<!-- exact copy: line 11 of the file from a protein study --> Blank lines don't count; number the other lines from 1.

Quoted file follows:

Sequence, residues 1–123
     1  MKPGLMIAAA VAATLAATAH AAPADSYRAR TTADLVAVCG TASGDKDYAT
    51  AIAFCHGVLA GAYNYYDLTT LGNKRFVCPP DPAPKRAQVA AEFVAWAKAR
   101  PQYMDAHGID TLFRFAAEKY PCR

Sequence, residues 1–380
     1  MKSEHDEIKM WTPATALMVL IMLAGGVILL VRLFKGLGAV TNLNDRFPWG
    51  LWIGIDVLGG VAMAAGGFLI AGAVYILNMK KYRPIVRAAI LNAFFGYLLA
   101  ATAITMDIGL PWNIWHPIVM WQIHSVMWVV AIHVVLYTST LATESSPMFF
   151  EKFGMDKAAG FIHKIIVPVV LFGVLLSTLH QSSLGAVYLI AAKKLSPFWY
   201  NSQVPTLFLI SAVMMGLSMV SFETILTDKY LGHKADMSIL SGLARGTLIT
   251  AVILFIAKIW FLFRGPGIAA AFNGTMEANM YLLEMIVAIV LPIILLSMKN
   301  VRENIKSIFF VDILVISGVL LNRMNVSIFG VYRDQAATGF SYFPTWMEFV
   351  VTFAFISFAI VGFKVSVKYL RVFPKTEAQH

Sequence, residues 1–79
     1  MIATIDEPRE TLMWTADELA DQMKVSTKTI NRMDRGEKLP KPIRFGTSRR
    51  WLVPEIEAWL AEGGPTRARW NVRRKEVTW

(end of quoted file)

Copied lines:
   251  AVILFIAKIW FLFRGPGIAA AFNGTMEANM YLLEMIVAIV LPIILLSMKN